House of Commons Science & Technology Inquiry

NEW INQUIRY ANNOUNCED: SCIENCE BUDGET AND INDUSTRIAL STRATEGY

The 2016 Autumn Statement provided an extra £2 billion a year for the science budget by the end of the Spending Review period, including funding for an Industrial Strategy Challenge Fund. In 2017, the Government committed to “meet the current OECD average for investment in R&D—2.4% of GDP—within ten years, with a longer-term goal of 3%”.

The Industrial Strategy Green Paper, in January 2017, included proposals for an ‘Industrial Strategy Challenge Fund’ and envisaged sectors making the case for ‘sector deals’. The Government has since announced the first investments from the fund, including the Faraday Challenge for battery development focusing on electric vehicle applications.

The Green Paper also highlighted a Government review of practices of universities’ Technology Transfer Offices; an independent Review of the Small Business Research Initiative (SBRI) by David Connell; a possible expansion of the Higher Education Innovation Fund (HEIF) or of Knowledge Transfer Partnerships; the “importance of place”, with “increasing our focus on commercialisation and later stage development … likely to increase the opportunities for catch-up in more parts of the country”; a “review of government and research council laboratories and their potential to drive local economic growth”.

More recently, the Government announced plans for a ‘Knowledge Exchange Framework’ to compare universities’ engagement with businesses; a third wave of ‘Science and Innovation Audits’ to map local research, innovation, and infrastructure strengths; and allocations from a ‘Connecting Capability Fund’.

UK Research & Innovation (UKRI) will be operational from April 2018. It will bring together bodies that are currently separately responsible for research and innovation spending.

The Committee would welcome written submissions, ideally by Monday 30 October, on:

  • The coherence and links between the Industrial Strategy Challenge Fund and the ‘sector deals’;
  • The model adopted by the Faraday Challenge and its suitability for future investments in other sectors under the Industrial Strategy Challenge Fund;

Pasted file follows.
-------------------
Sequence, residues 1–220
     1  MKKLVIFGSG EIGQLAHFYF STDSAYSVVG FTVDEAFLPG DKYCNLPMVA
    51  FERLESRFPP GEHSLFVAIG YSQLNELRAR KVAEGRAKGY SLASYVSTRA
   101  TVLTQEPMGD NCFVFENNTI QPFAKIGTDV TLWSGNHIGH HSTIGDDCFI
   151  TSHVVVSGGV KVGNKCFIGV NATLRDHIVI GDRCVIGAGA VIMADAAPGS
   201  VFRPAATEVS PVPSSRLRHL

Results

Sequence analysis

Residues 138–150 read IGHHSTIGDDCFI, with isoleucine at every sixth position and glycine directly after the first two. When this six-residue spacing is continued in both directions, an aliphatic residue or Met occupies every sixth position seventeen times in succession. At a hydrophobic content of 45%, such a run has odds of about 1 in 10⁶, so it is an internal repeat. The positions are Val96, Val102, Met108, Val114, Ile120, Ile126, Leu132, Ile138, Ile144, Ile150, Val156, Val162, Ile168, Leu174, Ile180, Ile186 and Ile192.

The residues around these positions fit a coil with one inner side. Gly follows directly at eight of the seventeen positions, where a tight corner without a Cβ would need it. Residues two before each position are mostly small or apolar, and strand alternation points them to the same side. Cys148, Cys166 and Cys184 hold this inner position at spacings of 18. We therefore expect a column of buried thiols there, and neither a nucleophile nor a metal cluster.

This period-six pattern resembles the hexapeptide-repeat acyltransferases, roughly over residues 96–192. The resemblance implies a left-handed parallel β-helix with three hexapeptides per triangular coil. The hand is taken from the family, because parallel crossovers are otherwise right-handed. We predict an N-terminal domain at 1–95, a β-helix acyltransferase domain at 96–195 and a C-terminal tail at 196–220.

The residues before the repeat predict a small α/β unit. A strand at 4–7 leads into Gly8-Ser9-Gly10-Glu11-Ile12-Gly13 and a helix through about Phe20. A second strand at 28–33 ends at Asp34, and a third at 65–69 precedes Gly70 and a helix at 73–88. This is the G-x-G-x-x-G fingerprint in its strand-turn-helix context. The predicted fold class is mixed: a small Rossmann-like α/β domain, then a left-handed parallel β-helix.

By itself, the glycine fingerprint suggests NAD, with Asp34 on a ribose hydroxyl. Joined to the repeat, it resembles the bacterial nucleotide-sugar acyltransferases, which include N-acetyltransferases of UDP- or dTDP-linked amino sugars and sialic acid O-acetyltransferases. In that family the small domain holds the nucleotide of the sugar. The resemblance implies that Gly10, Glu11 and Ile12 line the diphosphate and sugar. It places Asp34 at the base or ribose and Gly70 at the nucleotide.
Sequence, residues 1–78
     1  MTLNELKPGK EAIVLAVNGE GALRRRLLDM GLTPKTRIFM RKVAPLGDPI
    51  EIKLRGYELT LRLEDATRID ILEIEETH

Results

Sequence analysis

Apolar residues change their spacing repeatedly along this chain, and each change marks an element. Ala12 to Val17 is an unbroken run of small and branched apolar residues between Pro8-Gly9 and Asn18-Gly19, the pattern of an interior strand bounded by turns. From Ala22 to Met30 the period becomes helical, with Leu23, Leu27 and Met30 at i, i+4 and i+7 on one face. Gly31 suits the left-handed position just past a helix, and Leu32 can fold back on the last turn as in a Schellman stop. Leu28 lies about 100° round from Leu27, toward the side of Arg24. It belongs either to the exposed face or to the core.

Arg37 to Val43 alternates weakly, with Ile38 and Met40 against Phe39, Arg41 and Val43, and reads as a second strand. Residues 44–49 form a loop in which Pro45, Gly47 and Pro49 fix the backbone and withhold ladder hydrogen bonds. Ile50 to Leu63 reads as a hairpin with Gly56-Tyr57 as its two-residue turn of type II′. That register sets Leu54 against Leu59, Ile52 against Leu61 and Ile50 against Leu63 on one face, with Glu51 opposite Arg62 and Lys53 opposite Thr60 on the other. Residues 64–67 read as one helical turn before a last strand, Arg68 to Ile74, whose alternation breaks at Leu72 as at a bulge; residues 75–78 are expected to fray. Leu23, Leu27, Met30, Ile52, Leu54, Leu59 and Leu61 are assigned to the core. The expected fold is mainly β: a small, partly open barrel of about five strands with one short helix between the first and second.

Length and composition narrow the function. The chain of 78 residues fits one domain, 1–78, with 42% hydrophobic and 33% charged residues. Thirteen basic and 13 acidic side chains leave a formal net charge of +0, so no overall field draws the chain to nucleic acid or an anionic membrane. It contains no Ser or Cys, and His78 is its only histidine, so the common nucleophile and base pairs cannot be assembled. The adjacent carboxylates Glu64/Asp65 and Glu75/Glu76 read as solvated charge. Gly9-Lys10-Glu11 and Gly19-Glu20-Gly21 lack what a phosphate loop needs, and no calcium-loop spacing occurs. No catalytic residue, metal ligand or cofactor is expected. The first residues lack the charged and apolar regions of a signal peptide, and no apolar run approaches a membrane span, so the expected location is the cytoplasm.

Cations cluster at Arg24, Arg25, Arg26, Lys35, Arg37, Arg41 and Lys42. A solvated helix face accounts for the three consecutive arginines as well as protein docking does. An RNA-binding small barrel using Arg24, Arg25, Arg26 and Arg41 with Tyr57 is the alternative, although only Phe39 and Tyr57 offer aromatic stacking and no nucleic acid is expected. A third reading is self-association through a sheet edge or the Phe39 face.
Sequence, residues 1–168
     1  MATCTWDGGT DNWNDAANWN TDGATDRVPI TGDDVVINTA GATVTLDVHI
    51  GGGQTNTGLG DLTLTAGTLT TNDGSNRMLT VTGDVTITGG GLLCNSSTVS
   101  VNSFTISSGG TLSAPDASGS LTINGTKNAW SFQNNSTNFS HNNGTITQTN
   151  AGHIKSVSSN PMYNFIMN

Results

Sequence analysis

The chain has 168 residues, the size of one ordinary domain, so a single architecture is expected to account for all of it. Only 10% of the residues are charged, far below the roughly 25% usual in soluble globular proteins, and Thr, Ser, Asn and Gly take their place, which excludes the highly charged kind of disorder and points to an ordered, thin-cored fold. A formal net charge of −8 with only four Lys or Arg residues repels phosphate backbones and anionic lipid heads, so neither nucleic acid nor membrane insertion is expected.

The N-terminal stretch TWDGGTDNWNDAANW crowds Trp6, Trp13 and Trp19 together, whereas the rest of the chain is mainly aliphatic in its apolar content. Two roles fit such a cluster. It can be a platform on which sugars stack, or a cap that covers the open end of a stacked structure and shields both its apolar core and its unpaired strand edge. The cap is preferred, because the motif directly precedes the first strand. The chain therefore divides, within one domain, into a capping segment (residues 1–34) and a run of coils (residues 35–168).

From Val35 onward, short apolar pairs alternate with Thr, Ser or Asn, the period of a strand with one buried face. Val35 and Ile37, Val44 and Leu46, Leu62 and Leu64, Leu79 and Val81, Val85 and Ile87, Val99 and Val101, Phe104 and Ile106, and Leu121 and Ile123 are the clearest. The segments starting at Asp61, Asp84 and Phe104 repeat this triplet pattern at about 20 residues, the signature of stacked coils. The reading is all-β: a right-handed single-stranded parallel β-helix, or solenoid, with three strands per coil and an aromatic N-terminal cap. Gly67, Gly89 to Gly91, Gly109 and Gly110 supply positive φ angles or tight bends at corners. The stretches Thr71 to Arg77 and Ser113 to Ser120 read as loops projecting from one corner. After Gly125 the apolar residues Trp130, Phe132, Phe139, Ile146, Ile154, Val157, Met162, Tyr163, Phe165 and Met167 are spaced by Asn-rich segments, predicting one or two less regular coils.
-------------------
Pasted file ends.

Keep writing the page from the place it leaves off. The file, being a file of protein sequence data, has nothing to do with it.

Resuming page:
• The rationale and coherence for the distribution of funding:
  • between the Industrial Strategy Challenge Fund (and its individual ISCF schemes) and the rest of the Science budget;
  • between the various initiatives to financially support innovation and commercialisation of research;
  • between the two arms of the ‘dual support’ system—funding via the research councils and funding via Research England;
  • between innovation and research.
  • The balance between different parts of the country in Government funding of research/innovation, the effectiveness of such place-based financial support, and how planned place-based funding might affect that balance in future;
  • What further measures the Government should take to use its spending and facilities to strengthen innovation, research and associated ‘place’-based growth.

Submitting written evidence

Submit written evidence via our inquiry page.

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Each submission should:

  1. a) be in Word format with as little use logos as possible
    b) have numbered paragraphs
    b) include a declaration of interests.

Please note that:

  • Material already published elsewhere should not form the basis of a submission, but may be referred to within a proposed memorandum, in which case a hard copy of the published work should be included.
  • Memoranda submitted must be kept confidential until published by the Committee, unless publication by the person or organisation submitting it is specifically authorised.
  • Once submitted, evidence is the property of the Committee. The Committee normally, though not always, chooses to make public the written evidence it receives, by publishing it on the internet (where it will be searchable), by printing it or by making it available through the Parliamentary Archives. If there is any information you believe to be sensitive you should highlight it and explain what harm you believe would result from its disclosure. The Committee will take this into account in deciding whether to publish or further disclose the evidence.
  • Select Committees are unable to investigate individual cases.